COVID-19: Increased Risk of Truck Accidents Due to the Suspension of Hours-of-Service Regulations
During the COVID-19 pandemic, hospitals and healthcare facilities rely on medical supplies, medications, sanitizers, and personal protective equipment more than ever before. However, given that hospitals, pharmacies, stores, and healthcare centers are running low on these coronavirus-related items, there is an increased demand for truck freight.
In view of this, the Federal Motor Carrier Safety Administration (FMCSA) temporarily suspended its hours-of-service (HOS) regulations for certain truckers, something it has never done since the law was developed in 1938.
The move came during the COVID-19 pandemic to ensure the speedy delivery of crucial items during these unprecedented times.
HOS Regulations Temporarily Suspended During the COVID-19 Pandemic
The temporary suspension of the HOS regulations is definitely a good thing considering that more truck drivers will be able to deliver important supplies to hospitals and other facilities faster.
However, with truckers no longer bound by the hours-of-service law, trucking and shipping companies are more likely to exploit their drivers during the coronavirus pandemic. This could make truckers more susceptible to driver fatigue, increasing the risk of truck accidents.
Before the suspension, truckers were not allowed to drive more than 11 hours during a 14-hour-workday. Also, the law required them to take short rest breaks every 8 hours. Before starting a new shift, every truck driver was required to log 10 hours off-duty time. A violation of HOS regulations resulted in serious penalties for both the truck driver and their trucking company.
Increased Risk of Drowsy Driving During the Coronavirus Pandemic
With the suspension of the HOS regulations, trucking and shipping companies can set unrealistic deadlines and demand as much time as they want for their truck drivers. This situation can heighten the risk of drowsiness and falling asleep behind the wheel.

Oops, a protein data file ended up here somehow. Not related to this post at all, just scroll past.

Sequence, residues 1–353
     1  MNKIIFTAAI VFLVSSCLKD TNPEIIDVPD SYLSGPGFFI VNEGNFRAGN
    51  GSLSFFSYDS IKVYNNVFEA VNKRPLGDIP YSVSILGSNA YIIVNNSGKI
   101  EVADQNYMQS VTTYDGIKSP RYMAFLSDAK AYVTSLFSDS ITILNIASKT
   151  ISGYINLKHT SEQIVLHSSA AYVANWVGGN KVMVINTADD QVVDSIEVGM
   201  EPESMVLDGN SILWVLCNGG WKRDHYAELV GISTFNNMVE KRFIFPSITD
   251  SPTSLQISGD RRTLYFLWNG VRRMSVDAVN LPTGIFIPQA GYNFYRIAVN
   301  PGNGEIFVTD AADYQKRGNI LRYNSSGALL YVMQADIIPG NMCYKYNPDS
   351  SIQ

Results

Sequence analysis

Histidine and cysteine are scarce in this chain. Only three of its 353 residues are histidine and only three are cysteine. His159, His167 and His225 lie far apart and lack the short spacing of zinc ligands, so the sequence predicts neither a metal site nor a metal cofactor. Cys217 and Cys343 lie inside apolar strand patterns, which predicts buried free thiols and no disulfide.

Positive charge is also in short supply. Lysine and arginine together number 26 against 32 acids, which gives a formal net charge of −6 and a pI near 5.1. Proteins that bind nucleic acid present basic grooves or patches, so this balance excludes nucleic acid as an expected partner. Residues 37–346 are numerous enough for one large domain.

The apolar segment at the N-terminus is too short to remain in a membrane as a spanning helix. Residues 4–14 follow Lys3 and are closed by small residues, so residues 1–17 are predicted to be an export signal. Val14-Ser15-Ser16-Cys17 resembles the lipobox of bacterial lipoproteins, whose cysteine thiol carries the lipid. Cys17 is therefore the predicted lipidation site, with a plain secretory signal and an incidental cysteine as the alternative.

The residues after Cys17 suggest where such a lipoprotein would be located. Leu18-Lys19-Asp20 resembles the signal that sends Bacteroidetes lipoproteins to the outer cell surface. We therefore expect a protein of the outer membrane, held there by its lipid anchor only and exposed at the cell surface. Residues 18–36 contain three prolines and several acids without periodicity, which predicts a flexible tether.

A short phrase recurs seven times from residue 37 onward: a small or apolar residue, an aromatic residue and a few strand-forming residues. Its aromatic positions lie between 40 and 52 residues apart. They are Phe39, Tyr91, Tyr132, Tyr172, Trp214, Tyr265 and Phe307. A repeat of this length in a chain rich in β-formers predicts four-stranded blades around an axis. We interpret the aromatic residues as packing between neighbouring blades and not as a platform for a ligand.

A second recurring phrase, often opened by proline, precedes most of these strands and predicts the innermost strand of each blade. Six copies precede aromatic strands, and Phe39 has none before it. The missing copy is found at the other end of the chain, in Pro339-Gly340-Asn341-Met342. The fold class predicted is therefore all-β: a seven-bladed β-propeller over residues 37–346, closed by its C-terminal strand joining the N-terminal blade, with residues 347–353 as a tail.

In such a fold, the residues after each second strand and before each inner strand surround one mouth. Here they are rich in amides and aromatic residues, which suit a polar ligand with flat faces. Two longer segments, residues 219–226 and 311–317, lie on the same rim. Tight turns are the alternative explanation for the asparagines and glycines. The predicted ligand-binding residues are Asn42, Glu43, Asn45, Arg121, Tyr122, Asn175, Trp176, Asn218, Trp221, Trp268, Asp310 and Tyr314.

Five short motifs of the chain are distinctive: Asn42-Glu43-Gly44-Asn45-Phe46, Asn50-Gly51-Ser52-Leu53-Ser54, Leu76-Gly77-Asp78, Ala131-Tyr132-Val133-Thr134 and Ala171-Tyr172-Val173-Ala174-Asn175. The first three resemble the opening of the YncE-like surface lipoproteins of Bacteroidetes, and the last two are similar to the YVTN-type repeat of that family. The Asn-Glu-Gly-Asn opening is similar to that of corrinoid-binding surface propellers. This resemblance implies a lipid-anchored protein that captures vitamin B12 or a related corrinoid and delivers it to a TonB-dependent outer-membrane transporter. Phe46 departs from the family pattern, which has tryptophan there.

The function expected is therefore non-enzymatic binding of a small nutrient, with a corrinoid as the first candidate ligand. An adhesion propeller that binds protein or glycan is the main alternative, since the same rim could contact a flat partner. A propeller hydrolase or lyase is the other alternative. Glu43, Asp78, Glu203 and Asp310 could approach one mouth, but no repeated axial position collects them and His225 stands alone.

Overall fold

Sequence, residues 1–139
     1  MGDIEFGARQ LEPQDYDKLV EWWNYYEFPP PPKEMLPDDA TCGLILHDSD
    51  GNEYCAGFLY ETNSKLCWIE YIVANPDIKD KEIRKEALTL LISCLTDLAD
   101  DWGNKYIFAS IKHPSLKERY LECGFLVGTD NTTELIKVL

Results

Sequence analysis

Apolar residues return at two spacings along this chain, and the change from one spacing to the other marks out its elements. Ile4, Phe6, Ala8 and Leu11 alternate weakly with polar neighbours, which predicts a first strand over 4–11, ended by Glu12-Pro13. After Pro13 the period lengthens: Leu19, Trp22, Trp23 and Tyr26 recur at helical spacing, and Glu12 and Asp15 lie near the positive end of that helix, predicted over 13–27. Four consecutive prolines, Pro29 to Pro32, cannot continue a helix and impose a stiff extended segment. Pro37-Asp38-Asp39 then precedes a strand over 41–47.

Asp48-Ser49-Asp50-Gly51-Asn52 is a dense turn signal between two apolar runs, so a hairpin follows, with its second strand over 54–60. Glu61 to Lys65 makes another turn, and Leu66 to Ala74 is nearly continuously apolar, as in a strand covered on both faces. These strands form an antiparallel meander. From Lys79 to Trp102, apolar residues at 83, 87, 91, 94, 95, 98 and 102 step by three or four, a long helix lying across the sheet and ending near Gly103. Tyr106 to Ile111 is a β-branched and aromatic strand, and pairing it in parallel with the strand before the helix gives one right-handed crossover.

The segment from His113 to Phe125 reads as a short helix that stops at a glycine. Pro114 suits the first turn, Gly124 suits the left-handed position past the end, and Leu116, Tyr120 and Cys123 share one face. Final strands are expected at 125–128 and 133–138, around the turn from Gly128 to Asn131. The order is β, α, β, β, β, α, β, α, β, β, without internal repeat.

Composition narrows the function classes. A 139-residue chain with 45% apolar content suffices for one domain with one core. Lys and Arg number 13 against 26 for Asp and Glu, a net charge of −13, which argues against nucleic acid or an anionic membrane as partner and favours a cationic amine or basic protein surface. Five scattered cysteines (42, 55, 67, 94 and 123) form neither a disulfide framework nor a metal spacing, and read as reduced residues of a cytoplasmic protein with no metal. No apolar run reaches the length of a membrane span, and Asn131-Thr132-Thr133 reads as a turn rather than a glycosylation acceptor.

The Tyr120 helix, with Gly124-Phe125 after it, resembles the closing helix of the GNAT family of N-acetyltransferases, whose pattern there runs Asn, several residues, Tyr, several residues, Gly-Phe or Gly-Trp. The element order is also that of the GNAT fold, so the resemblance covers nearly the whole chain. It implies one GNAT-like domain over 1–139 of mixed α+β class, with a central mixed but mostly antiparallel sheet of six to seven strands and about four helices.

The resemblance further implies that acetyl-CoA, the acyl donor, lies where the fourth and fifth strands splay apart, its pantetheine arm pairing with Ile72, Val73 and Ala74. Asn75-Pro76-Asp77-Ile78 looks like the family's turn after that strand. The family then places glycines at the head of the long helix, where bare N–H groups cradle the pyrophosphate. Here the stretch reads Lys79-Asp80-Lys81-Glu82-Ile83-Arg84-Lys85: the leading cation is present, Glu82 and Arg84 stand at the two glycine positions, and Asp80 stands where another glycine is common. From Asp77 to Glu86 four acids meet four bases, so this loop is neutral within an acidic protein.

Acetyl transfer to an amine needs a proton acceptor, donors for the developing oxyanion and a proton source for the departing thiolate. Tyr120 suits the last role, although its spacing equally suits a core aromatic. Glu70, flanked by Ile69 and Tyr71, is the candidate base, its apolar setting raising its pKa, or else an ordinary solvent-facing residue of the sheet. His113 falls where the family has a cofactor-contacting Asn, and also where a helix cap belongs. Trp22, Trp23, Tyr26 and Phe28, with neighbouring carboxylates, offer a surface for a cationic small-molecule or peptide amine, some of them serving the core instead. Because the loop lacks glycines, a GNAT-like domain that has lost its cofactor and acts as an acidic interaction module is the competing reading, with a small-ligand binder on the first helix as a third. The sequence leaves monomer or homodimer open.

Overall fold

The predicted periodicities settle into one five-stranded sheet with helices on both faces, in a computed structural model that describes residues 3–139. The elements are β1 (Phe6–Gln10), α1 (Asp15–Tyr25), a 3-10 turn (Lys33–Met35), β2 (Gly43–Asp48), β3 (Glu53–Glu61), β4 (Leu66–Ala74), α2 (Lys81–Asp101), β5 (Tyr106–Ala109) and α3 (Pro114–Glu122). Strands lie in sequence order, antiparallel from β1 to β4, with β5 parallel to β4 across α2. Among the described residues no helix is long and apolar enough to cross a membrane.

Unfortunately, this could result in an increased risk of truck crashes on our nation’s highways and roadways as there is no law that would prevent truck drivers from drowsy driving. The lack of HOS regulations can lead drivers to ignore signs of drowsiness and drive for more hours without taking breaks.
While falling asleep behind the wheel of any motor vehicle can lead to auto accidents, fatigued driving in truck drivers can lead to disastrous crashes. However, falling asleep is not the only consequence of drowsiness. Drowsy driving can also:
- Interfere with the trucker’s ability to make good decisions;
- Slow the driver’s reaction times;
- Impede the driver’s braking and steering ability to avoid collisions; and
- Take the driver’s attention away from the road.
These factors can increase the risk of a truck crash in Winter Haven, Lakeland, and other parts of Florida. Even when FMCSA regulations were in effect, many truck drivers violated the HOS law. However, without this crucial law, drowsy driving could become even more widespread among truckers during the coronavirus pandemic.
Even though the HOS regulations have been temporarily suspended, trucking companies are still required to carry insurance and comply with a plethora of other laws such as alcohol testing and license requirements. Thus, if you were hurt in a truck collision during the COVID-19 pandemic, you still have legal options to receive monetary compensation.